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City falls short on sewage backups

Doris and Charles Brightful stand in front of the northwest Baltimore home where a city sewer flooded their basement last year, the second time that sewage has flowed into their basement because of sewer overcapacity in their area.
Doris and Charles Brightful stand in front of the northwest Baltimore home where a city sewer flooded their basement last year, the second time that sewage has flowed into their basement because of sewer overcapacity in their area.(Barbara Haddock Taylor / Baltimore Sun)

Kudos to City Council members Kristerfer Burnett and Edward Reisinger for putting a spotlight on the horrible problem of basement sewage backups (“Baltimore council members to ‘demand answers’ from DPW,” Nov. 11). We’ve had three sewage backups in the Thrift Shop at the Church of the Guardian Angel since mid-August after nearly 100 years of no such problems.

The first one was damaging and disheartening, the second two destructive and expensive. I should have just let the insurance company handle it, but couldn’t bear the sight and smell of that grey-brown bubbling mess sitting in our building, not with all the folks that come though one floor above for community and for aid, so I and another volunteer pumped out hundreds of gallons of raw sewage ourselves. The Thrift Shop will be closed for at least three weeks by the time the professional restoration crew gets done. Many donations given in love to support our Food Pantry had to be disposed of, and many hours of community and fellowship were lost, as were three weeks of revenue for our Food Pantry, which was already just barely keeping up with costs.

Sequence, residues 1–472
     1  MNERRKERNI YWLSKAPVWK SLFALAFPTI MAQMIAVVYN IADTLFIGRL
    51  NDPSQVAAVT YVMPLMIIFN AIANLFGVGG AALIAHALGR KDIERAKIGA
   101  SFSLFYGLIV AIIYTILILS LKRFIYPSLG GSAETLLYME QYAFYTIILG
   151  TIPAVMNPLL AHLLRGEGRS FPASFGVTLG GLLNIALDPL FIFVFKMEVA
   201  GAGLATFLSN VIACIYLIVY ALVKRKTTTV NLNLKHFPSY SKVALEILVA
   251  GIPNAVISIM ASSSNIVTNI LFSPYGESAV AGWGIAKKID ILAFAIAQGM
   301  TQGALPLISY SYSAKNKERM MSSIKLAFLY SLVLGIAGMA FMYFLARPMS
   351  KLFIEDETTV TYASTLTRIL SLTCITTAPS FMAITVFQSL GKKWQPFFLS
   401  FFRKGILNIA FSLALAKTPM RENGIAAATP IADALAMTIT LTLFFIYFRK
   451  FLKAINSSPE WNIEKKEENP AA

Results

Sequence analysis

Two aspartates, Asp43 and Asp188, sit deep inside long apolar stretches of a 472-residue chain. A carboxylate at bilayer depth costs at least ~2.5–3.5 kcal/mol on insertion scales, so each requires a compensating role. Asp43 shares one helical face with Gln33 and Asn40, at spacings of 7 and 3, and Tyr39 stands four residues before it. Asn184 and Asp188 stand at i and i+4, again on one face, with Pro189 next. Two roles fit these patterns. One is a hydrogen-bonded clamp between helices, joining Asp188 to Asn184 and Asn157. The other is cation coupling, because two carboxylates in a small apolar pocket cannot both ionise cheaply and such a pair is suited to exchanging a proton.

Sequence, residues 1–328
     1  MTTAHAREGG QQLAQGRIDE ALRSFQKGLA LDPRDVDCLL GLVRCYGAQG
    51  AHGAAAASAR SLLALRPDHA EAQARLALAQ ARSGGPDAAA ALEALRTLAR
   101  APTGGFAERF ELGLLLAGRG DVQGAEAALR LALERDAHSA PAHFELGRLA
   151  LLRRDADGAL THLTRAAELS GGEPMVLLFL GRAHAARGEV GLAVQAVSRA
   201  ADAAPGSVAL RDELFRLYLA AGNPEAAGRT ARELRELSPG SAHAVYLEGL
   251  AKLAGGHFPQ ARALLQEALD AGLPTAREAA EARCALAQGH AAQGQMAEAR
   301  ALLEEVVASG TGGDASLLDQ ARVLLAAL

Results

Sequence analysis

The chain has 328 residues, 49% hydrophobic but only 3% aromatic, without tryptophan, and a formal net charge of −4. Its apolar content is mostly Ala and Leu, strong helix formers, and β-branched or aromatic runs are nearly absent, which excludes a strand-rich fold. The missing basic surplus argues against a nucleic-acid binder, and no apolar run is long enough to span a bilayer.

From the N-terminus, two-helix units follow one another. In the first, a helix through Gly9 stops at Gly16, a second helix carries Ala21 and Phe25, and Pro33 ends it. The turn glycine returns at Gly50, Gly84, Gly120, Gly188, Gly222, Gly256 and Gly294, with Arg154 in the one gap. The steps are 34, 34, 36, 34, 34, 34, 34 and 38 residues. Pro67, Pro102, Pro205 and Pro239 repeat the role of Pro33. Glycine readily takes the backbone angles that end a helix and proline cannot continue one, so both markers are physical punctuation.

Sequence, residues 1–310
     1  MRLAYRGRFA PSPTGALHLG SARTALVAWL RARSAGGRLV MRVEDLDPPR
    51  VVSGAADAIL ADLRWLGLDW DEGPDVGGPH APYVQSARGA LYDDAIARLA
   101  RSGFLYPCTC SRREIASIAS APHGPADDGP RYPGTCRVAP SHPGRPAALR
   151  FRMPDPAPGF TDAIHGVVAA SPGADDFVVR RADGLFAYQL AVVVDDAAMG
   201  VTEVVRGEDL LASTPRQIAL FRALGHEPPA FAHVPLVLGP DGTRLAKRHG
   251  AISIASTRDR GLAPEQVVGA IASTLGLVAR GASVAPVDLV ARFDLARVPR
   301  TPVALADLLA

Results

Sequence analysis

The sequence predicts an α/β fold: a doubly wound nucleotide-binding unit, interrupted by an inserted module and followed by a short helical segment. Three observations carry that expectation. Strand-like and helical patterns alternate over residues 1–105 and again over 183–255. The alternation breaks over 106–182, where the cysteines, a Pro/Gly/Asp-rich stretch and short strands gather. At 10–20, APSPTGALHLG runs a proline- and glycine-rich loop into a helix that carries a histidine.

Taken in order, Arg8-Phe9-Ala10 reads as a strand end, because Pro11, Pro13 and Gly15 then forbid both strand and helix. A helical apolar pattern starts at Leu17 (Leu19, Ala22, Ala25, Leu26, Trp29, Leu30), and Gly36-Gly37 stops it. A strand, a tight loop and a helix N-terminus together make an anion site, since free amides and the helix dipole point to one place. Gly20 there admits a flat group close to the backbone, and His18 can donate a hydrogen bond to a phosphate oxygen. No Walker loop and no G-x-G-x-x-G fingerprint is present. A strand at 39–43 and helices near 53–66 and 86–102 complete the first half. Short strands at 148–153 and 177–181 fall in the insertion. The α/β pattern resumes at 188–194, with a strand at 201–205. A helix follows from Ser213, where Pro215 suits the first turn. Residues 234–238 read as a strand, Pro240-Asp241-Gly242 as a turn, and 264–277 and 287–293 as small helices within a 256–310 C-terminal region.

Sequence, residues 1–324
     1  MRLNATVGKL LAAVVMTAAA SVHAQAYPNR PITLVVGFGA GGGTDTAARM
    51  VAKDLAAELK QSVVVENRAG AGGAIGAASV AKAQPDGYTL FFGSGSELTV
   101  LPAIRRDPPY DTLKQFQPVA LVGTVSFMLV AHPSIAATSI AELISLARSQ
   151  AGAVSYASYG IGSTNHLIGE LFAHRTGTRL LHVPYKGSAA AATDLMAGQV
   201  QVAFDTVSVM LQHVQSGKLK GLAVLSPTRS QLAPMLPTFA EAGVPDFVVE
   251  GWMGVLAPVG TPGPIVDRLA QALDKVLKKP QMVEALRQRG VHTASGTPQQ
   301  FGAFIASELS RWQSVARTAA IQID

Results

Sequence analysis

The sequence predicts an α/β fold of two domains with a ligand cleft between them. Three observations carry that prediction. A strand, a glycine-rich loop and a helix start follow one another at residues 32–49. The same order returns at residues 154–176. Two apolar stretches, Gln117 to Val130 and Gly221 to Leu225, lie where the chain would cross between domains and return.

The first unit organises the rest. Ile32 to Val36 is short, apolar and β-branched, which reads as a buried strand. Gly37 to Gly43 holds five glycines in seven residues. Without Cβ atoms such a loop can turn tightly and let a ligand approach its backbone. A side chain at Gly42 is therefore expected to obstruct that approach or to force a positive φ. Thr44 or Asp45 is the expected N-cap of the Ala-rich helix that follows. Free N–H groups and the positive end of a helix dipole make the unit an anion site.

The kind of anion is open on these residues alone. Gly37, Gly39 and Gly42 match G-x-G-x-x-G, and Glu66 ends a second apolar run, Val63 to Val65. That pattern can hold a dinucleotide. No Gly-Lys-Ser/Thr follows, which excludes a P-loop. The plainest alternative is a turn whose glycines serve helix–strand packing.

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Not only was this experience disgusting, it was also incredibly expensive. The city has recognized the financial burden these backups cause to homeowners and recently launched a reimbursement program to assist residents with the costs of cleaning up raw sewage in their homes. But the program isn’t working, and it doesn’t help nonprofits and other non-residential DPW customers. In the program’s first year, the city received 4,632 reports of sewage backups to 311, but only 74 households applied for the reimbursement program. Out of those 74 households, only 10 received reimbursement payments. These numbers make it clear that the program is not advertised well and that even when people know about the program and take the time to apply, the city is denying applications left and right.

The city must do more to support residents dealing with this crisis. A good start would be providing direct cleanup assistance to residents who experience a backup in their home. Raw sewage is a hazmat situation and should be treated as such. Suggesting people “do it yourself,” as DPW’s guide on sewage backups suggests, is absurd. I should know. I’ve taken three cracks at it and each time I needed to call in professionals to get it truly clean. And that’s on a concrete slab floor, not the packed dirt floor many rowhome basements have. And residents should not be forced to pay thousands of dollars in upfront costs and then wait to be reimbursed. Baltimoreans deserve better.

Craig Bettenhausen, Baltimore

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